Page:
Caterpillar to cut 20K from workforce

Caterpillar to cut 20K from workforce

Caterpillar Inc. will reduce its workforce by approximately 20,000 employees, the company said, as it announced a 32% decline in profit for the fourth quarter of 2008 compared to the fourth quarter of 2007

Caterpillar Inc. will reduce its workforce by approximately 20,000 employees, the company said, as it announced a 32% decline in profit for the fourth quarter of 2008 compared to the fourth quarter of 2007.

During a conference call held earlier today, Mike DeWalt, director of investor relations for Caterpillar, said that by the end of the first quarter of 2009, the company would eliminate nearly 8,000 temporary, contract and agency workers; lay off as many as 5,000 support and management employees while offering voluntary separations to about 2,500 others; and reduce the number of full-time production employees by about 4,000 through both voluntary and involuntary separations and layoffs. The company has about 110,000 employees around the world.

In addition, DeWalt said that some factories have begun to reduce their workweeks to three or four days and many employees have seen their hours decrease from 40 to 35. Caterpillar added thousands more employees have been or will be affected by temporary layoffs or full and partial plant shutdowns.

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Caterpillar Inc. will reduce its workforce by approximately 20,000 employees, the company said, as it announced a 32% decline in profit for the fourth quarter of 2008 compared to the fourth quarter of 2007.

During a conference call held earlier today, Mike DeWalt, director of investor relations for Caterpillar, said that by the end of the first quarter of 2009, the company would eliminate nearly 8,000 temporary, contract and agency workers; lay off as many as 5,000 support and management employees while offering voluntary separations to about 2,500 others; and reduce the number of full-time production employees by about 4,000 through both voluntary and involuntary separations and layoffs. The company has about 110,000 employees around the world.

In addition, DeWalt said that some factories have begun to reduce their workweeks to three or four days and many employees have seen their hours decrease from 40 to 35. Caterpillar added thousands more employees have been or will be affected by temporary layoffs or full and partial plant shutdowns.

“While 2008 was our sixth consecutive year of record sales and revenues, it was an extraordinarily challenging year,” said Caterpillar chairman & CEO Jim Owens. “Through the first three quarters we experienced booming demand from key global industries, notably mining and energy, and most emerging market countries…Then we were whipsawed in the fourth quarter as key industries were hit by a rapidly deteriorating global economy and plunging commodity prices. In anticipation of lower demand we encouraged dealers to align inventory with declining volume, and they responded with significant order cancellations, particularly in December.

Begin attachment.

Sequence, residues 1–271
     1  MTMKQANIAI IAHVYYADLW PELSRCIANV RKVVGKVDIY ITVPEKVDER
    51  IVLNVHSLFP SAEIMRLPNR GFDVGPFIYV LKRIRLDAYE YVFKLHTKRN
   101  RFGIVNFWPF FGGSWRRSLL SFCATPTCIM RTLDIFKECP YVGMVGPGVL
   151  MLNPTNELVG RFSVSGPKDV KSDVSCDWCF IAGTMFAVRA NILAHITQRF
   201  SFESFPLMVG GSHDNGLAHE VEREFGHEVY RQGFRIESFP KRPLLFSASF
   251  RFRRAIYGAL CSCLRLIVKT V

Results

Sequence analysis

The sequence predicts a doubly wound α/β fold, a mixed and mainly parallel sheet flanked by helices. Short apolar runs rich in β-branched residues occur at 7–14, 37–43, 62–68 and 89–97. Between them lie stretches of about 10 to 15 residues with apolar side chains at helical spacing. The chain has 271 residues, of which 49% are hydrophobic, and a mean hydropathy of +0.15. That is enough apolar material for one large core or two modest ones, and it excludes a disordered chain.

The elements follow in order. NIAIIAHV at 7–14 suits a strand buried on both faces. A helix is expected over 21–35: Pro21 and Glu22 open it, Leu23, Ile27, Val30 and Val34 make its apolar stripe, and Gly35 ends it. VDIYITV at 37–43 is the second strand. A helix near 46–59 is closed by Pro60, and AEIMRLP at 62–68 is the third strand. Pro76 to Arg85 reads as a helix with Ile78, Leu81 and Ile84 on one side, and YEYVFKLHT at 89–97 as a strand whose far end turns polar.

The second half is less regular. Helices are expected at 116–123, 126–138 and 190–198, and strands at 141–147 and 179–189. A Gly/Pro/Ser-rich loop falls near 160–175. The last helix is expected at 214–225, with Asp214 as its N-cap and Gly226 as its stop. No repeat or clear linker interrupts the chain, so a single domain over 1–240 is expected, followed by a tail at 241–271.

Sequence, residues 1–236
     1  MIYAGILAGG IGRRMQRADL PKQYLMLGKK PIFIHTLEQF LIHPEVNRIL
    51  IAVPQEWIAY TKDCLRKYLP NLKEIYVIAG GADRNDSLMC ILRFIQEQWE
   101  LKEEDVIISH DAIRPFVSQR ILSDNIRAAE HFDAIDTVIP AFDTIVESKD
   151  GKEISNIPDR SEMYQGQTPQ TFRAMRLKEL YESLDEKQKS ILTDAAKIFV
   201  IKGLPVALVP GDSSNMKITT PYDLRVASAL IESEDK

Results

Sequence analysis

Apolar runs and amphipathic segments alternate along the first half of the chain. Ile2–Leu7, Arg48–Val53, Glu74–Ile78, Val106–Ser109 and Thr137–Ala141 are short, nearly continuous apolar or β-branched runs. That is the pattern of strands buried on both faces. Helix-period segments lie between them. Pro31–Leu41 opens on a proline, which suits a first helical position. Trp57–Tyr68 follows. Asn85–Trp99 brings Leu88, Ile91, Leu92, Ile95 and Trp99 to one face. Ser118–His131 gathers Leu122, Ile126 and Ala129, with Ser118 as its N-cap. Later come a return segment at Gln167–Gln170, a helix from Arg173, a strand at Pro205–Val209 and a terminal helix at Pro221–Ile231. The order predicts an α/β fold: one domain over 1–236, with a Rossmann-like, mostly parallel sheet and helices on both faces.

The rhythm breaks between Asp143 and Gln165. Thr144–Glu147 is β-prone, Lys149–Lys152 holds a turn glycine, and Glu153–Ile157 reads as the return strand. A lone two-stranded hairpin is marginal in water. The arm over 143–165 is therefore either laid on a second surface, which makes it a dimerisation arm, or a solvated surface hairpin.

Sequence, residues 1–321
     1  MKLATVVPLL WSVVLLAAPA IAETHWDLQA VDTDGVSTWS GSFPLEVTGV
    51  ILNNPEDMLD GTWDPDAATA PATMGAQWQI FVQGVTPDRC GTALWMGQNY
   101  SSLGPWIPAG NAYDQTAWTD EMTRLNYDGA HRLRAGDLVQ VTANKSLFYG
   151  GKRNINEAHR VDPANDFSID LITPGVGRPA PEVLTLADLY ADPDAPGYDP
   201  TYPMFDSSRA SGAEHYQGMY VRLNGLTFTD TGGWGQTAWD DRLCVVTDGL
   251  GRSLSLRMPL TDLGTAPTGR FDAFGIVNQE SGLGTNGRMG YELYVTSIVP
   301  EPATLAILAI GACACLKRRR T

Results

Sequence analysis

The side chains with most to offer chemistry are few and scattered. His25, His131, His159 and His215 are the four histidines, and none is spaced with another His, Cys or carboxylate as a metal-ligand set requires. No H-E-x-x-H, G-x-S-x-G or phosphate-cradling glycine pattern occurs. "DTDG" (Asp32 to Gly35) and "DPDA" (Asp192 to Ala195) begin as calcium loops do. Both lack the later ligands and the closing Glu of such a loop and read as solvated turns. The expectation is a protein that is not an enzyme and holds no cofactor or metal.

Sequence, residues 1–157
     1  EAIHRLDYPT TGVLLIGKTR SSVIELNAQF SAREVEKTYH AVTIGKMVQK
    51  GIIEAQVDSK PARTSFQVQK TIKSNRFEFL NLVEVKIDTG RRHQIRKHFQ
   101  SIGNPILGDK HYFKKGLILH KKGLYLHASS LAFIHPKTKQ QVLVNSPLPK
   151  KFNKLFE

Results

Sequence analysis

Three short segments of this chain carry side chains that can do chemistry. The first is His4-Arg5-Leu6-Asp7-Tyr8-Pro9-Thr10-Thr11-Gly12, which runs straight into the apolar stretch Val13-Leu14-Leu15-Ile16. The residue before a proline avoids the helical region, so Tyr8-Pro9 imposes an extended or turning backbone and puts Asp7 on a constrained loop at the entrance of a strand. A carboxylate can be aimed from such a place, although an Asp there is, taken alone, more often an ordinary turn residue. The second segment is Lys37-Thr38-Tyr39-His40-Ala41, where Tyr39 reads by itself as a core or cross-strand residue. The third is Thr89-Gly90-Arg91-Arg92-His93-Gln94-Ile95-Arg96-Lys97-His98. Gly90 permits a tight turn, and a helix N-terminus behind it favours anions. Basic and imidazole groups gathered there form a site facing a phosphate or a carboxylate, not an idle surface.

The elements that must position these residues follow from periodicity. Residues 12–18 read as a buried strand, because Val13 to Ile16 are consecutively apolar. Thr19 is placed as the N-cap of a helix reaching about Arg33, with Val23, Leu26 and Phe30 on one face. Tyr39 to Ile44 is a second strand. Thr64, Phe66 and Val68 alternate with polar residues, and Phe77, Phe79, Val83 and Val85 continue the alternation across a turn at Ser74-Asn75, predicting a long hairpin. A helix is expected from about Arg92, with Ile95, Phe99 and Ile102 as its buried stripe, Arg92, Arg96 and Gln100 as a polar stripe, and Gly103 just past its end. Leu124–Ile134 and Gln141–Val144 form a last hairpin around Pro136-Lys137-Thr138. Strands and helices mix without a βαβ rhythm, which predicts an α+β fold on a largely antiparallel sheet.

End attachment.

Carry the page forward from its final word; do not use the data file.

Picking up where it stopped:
Total profit for 2008 was flat compared with 2007, Caterpillar said, with higher price realization, improved sales volume and lower income tax expense offsetting higher operating costs, primarily due to increases in material and freight costs. However, although fourth-quarter sales and revenues were up 6% year-over-year, profit after tax fell from $975 million to $661 million and profit per share (PPS) dropped 28% to $1.08, the OEM said.

DeWalt said that the company expects profit to drop significantly in 2009, forecasting a total of $40 billion in sales and revenues for the year, which would be almost 25% lower than 2008’s total of more than $51 billion.

“This is likely to be the most difficult year for Caterpillar since the early 1980’s,” he said. “Our view of 2009 has declined, and declined rather sharply. After the third quarter this year, we were expecting flat growth in 2009, but now we are projecting further decline.”
Caterpillar also said it would reduce selling, general and administrative (SG&A) and research and development (R&D) costs supporting its machinery and engines business by about 15%, and save half a billion dollars through eliminating redundancies and other budgetary measures.

“Without a doubt, 2009 will be a very tough year, but it’s important to remember that economic cycles aren’t new, and we will emerge from this even stronger than we are today,” Owens said. “We’ve strengthened our market position in past recessions, and we have done so over the past few months. In addition, we will continue to invest in product technology and operational efficiency through these tough times. When the economy does recover, the need for better housing, roads and capacity for energy and mining will still be there, and we will be prepared to respond.”

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